Is it sunset for the Venus, Serena sibling rivalry?
The archivists released the record of their previous 29 career meetings, with the younger Williams in front 17-12. Their 30th encounter could be the last, considering the private life of mother Serena and the age of Venus.
Venus made her debut at the 1997 Open, fittingly as the new stadium was named after Arthur Ashe, who had won the first tournament open to all players in 1968, defeating the “Flying Dutchman” Tom Okker in the finals.
With beads in hair and teeth in braces, Venus powered her way to the finals losing to Martina Hingis. Baby sister was waiting to make her professional debut a year later.
In the semi-finals of 1997 women’s event, there was an incident. At one of the changeovers after odd games, Venus almost bumped into her opponent, Miss Spirlea, who later made a comment. “Who does she think she is; f … Venus Williams?” This made news with insinuations of racism.
However, a comment by Venus gave hint of the years ahead. ”She was lucky it wasn’t my sister.” It was a notification that Serena had more of the mean streak.
Their father and coach, however, said that Serena was technically better than Venus, although they had the same instructors all along.
Their first career match-up took place at the 1998 Australian Open and Venus won in two sets. She also won their second, the same year in Rome and the third in Miami. However, Serena was the first to win a Grand Slam, at the 2000 US Open. She deprived her sister eight Grand Slam titles, three of them in 2002 all in the finals.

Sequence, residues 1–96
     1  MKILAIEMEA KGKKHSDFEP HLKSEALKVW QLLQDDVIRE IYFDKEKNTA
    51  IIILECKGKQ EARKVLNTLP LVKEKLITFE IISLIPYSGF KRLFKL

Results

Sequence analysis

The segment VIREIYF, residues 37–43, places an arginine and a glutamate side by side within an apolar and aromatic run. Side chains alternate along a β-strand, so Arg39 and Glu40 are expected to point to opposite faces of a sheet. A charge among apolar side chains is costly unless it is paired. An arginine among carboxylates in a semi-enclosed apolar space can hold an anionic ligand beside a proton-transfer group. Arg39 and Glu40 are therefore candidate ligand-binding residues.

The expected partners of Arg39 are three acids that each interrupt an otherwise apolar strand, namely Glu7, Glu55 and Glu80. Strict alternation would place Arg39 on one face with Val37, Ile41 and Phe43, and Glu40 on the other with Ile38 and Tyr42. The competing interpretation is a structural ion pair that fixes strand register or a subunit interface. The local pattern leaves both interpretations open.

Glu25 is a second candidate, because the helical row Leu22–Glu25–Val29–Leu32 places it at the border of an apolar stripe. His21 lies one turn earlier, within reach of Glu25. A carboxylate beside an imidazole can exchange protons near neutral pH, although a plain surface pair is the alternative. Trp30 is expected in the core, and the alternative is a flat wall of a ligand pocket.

During the build-up to their first meeting at the 2001 US Open, the Media Room was abuzz with discussions that the two sisters did not like competing against each other. References were made to Muhammad Ali who once said: “Aint nobody gonna pay to watch two buddies fight each other.” Therefore he and Joe Frazier had to feign disdain for each other and they staged a pre-match “fist fight” in Philadelphia before their 1970 battle in New York’s Madison Square Gardens.
In sports, does one have to generate some level of resentment towards an opponent in order to win? Rod Laver said that he took balls on the rise because “there must be no rest for the ‘wicked’ bloke across the net trying to beat me.”
While pugilists pound at each other, the tennis player hits the ball in a sport aptly described by the great Harry Hopman as: “a game of control and restraint; hitting ball where the other fellow aint.”
It is true that the two sisters could not have that dose of disdain for each other. But their mother said: “Every time they compete against themselves, you guys should just sit down, relax and watch a great exhibition.”
No comments yet